According to popular maturity models the ideal stage is where the management is able to measure, control and improve processes, i.e. the control stage. It is a major mistake to think that processes are a goal; a process system is a tool. Excess focus on process metrics can be the main reason why many IT organizations fail. Processes are a useful tool to transform a service organization from chaos to control but less useful when trying to reach the adaptive stage.
The problem with activity based measuring is that it is quite difficult to separate useful activities from busywork. Bureaucratic organizations are ingenious at creating useless activities to keep themselves busy. Having an efficient and effective process in support doesn’t tell anything about the quality of the service it provides. For example a bad service desk might handle 50 incidents per person per day, solve 80 % at first contact and close 98 % within SLA limits while a good service desk might handle 20 incidents per person per day, solve 60 % at first contact and close 70 % within SLA limits. The trick would be that the good service desk has been able to eliminate 60% of the causes for the incidents and is continuously improving service, not the process.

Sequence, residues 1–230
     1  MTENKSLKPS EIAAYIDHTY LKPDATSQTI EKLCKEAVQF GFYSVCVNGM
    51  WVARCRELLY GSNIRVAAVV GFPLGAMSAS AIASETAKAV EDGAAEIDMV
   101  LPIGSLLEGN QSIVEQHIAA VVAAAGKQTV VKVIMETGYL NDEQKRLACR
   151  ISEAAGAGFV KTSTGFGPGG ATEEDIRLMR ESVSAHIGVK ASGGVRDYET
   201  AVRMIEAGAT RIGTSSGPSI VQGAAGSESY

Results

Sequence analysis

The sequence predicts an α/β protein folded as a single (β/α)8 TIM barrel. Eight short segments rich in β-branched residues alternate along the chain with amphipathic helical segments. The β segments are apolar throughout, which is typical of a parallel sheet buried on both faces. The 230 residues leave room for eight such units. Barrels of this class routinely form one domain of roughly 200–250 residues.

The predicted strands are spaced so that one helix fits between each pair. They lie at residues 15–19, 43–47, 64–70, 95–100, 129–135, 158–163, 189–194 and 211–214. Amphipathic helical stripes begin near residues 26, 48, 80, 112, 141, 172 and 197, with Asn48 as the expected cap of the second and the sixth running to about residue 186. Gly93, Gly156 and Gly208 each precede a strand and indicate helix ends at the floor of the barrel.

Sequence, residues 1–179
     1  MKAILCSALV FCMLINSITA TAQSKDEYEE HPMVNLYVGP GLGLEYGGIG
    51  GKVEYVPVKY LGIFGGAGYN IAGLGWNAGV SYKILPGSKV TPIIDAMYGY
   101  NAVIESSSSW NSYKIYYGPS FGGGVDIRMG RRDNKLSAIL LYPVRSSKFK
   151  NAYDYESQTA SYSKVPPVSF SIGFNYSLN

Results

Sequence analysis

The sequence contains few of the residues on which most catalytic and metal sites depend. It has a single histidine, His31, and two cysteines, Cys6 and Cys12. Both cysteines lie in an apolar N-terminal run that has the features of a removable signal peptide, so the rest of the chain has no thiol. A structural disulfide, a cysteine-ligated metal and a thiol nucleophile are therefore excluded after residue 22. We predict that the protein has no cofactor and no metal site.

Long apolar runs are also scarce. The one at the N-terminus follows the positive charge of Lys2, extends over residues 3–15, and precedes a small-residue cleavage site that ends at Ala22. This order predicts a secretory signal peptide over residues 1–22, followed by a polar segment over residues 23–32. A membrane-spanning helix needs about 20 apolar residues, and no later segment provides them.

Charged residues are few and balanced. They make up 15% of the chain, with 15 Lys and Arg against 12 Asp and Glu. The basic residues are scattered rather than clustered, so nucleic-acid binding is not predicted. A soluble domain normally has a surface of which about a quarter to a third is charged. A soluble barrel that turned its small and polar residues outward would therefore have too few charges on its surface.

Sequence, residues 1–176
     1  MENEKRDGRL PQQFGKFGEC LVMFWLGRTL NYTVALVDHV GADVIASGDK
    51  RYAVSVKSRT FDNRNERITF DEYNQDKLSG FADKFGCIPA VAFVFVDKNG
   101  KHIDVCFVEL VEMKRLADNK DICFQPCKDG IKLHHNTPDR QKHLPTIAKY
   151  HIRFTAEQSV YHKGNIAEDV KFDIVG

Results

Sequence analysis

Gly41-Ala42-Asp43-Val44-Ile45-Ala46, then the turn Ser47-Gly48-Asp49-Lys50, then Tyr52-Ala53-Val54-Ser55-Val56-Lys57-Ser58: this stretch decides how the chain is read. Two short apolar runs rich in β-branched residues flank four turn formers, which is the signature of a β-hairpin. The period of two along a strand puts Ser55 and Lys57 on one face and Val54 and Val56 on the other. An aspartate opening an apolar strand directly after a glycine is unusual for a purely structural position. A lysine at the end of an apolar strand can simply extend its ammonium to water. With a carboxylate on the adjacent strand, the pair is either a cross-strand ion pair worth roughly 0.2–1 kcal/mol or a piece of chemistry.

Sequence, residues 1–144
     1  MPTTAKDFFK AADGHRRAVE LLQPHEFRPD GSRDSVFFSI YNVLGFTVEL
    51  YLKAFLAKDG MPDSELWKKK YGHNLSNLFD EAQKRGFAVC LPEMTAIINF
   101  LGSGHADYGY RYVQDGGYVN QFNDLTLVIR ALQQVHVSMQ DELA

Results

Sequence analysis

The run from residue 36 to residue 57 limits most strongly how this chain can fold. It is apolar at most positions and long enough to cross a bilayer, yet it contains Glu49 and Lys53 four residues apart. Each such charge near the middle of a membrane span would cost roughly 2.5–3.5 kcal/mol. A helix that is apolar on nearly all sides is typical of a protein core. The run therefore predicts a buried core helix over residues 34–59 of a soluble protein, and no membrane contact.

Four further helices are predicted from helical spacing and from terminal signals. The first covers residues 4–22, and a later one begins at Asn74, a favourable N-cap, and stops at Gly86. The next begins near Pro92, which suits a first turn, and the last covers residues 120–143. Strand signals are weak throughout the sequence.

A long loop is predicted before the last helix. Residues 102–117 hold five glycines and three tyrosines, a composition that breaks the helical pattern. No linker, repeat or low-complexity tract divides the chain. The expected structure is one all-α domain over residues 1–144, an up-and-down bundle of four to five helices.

Value is a complex concept. Robert Falkowitcz has written an interesting analysis of it in http://www.3cs.ch/is_service_value_really_delivered/
In business world, value is usually money but often in an indirect way. Direct profit comes usually from new innovations in system design. A new information system may increase sales, cut costs or even do both. IT service management does not create new systems but can save money by preventing outages and other disruptions; it can also diminish lost work time by restoring service as fast as possible.